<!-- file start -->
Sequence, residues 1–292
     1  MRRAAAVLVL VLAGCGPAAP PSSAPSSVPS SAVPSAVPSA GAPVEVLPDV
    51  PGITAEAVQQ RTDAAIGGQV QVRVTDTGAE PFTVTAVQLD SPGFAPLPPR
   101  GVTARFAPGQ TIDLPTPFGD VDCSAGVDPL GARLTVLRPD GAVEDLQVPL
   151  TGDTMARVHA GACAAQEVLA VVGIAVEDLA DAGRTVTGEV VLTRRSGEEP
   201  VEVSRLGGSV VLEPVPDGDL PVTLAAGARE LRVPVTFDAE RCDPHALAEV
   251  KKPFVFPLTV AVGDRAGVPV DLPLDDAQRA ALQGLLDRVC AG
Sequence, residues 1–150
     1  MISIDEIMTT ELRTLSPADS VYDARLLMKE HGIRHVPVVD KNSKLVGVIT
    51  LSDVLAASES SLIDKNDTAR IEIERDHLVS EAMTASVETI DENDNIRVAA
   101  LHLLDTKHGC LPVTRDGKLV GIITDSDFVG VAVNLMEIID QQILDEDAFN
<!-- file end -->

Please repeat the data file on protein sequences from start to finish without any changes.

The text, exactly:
Sequence, residues 1–292
     1  MRRAAAVLVL VLAGCGPAAP PSSAPSSVPS SAVPSAVPSA GAPVEVLPDV
    51  PGITAEAVQQ RTDAAIGGQV QVRVTDTGAE PFTVTAVQLD SPGFAPLPPR
   101  GVTARFAPGQ TIDLPTPFGD VDCSAGVDPL GARLTVLRPD GAVEDLQVPL
   151  TGDTMARVHA GACAAQEVLA VVGIAVEDLA DAGRTVTGEV VLTRRSGEEP
   201  VEVSRLGGSV VLEPVPDGDL PVTLAAGARE LRVPVTFDAE RCDPHALAEV
   251  KKPFVFPLTV AVGDRAGVPV DLPLDDAQRA ALQGLLDRVC AG
Sequence, residues 1–150
     1  MISIDEIMTT ELRTLSPADS VYDARLLMKE HGIRHVPVVD KNSKLVGVIT
    51  LSDVLAASES SLIDKNDTAR IEIERDHLVS EAMTASVETI DENDNIRVAA
   101  LHLLDTKHGC LPVTRDGKLV GIITDSDFVG VAVNLMEIID QQILDEDAFN